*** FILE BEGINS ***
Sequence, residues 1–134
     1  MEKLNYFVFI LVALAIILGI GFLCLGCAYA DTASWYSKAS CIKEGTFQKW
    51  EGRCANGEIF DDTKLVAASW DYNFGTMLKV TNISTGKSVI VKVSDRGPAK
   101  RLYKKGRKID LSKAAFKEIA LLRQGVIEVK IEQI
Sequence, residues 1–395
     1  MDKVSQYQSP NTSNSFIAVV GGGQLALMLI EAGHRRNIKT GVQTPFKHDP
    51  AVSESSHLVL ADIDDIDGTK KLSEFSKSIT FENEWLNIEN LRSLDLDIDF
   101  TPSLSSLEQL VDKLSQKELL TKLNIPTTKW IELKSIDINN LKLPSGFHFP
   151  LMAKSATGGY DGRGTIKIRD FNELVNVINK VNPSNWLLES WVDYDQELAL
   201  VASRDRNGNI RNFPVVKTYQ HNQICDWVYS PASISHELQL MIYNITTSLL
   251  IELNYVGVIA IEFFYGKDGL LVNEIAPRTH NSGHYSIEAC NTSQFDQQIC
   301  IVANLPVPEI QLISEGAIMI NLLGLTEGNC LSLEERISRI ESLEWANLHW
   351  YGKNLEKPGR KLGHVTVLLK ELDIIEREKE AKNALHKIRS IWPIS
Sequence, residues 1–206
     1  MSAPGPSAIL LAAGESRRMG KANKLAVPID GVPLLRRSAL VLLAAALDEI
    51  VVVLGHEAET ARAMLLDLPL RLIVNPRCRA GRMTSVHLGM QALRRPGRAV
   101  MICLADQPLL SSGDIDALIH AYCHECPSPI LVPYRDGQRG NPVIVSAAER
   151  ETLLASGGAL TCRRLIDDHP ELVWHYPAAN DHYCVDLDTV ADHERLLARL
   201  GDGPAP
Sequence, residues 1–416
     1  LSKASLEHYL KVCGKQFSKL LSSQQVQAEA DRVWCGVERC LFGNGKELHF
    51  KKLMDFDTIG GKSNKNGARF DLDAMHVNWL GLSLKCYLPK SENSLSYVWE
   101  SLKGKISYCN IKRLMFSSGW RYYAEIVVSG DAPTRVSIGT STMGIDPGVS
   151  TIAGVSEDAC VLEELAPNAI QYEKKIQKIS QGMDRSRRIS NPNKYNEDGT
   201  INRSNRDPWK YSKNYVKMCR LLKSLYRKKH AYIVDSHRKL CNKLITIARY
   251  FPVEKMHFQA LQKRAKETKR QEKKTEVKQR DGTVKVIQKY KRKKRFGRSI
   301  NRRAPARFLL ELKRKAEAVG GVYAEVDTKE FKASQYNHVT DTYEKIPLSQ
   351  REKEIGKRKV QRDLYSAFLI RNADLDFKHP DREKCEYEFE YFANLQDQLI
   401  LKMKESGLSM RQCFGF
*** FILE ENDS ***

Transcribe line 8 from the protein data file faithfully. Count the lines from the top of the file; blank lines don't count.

   101  TPSLSSLEQL VDKLSQKELL TKLNIPTTKW IELKSIDINN LKLPSGFHFP